By Adam Granger
My 1971 Oxford English Dictionary uses more than 11,000 words to define love; my Aminex Micro Mini Dictionary uses two: “strong affection.”
Love is a houseguest that comes—often unbidden—and stays according to its own schedule. You think it’s transitory, and it abides; you think it will be there forever, and it’s gone, fading over time or flaming out in minutes.
Love merges the otherwise unmergeable. It creates the most and the least likely of unions.
Love hurts, love scars, love wounds and mars, sang the Everly Brothers 50 years ago; love starts like a triolet and ends like a college yell, wrote H.L. Mencken 100 years ago. But 2,000 years ago, Virgil wrote, “Love conquers all.”
Love is being forgiven when you ran out of gas halfway up the Gunflint Trail. Or when you thought the new Dyson was a wet-vac.
Love is sticking all of your stuff in a storage locker and giving away Flip the goldfish and—against the pleadings of your friends and family—moving to Saskatchewan to be with that lumberjack you met on Amtrak last spring. Love is your friends—and Flip—welcoming you back six months later and not ever bringing it up again.
Tennyson wrote of the cruel madness of love, Dryden’s love was a malady without a cure and Dorothy Parker claimed that love was a thing that can never go wrong (right before she claimed she was “Marie of Roumania”). But to Milton, love was like eating a lot of chocolate and, when Shakespeare’s love spoke, the voice of all the gods made heaven drowsy with the harmony.
On bumper stickers, we “heart” everything from peekapoos to labor unions to trampolines to Mary Kay cosmetics.
Love attends marriages, funerals, christenings, anniversaries, sometimes divorces, boat launchings, bridge reopenings, rent parties, mortgage burnings, rodeos, reunions and bocce ball tournaments.
Love is being a good sport when she takes you to see “The English Patient.”
Love neither asks nor answers questions. When it takes prisoners, it usually abides by the Geneva Conventions.
Love is giving him the benefit of the doubt when you ask for a boa for Christmas and he buys you a snake.
Seal sings that love is powerful and Lord Acton wrote that power corrupts, but as a general rule, love doesn’t corrupt.
Love has clodhoppers and cat feet. It wears hand-me-downs and Halston. It reads pulp fiction and Proust. It drives clunkers and Cadillacs. It eats at Wendy’s and the Waldorf.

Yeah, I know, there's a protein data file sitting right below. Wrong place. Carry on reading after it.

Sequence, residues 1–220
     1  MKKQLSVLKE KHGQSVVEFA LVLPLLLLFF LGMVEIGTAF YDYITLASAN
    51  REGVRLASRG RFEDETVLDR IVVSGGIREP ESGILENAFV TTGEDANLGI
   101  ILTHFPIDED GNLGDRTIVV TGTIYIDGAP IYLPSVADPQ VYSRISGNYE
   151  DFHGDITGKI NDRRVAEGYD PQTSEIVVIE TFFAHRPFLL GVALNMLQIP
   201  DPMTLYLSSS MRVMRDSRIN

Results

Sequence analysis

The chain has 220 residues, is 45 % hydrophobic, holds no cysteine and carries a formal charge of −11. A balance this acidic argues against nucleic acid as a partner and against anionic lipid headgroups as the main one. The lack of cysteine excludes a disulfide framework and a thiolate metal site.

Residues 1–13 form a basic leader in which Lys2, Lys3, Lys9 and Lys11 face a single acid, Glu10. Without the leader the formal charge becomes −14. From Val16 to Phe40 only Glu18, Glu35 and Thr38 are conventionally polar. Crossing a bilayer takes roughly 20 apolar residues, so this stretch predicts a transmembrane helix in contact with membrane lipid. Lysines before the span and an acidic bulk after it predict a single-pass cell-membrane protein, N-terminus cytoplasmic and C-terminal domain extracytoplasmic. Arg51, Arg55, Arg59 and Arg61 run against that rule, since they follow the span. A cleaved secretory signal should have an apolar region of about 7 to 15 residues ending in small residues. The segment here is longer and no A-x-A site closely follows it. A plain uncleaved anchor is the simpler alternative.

You can love stuff, but it can’t love you back. Some animals can love, and some say that plants can. Cats can love, but generally have poorly developed female sides, so it’s sometimes hard to tell.
Only dogs and humans love slavishly.
Love is saying you’re sorry when you’re on your honeymoon in New York City and you buy tickets for the Mets instead of the Met. Or when you wash her silk blouse with the throw rugs.
Love is climbing behind him onto the back of a Harley-Davidson and heading to Sturgis wearing a red bandana and a fringed jacket and a T-shirt that reads, “Bad Boy’s Broad.”
T.S. Eliot’s love was most nearly itself when here and now ceased to matter. Camus knew of only one duty, and that was to love. Ursula Le Guin’s love didn’t sit there like a stone, it had to be made, like bread, remade all the time, made new. Thurber’s love was what you have been through with somebody after 27 years of marriage and six children. Nikki Giovanni’s love was only and always about the lover and never the beloved. Rainer Maria Rilke’s love was two solitudes protecting and touching and greeting each other. Sylvia Plath’s love was a shadow, Anita Brookner’s a pilgrimage.
When empires fall, when Vikings lose, when musicians are locked out, when cars die, when root canals go wrong, when kids go nuts, when soufflés collapse, when memory fades, when jobs and savings and dreams vanish, when human frailty reigns and words fail, there’s love, with its yellow smiley-face grin, sitting in the parlor, patiently waiting.
Adam Granger makes his home with his wife, son, dog and cat in St. Anthony Park. He is a frequent contributor to the Park Bugle.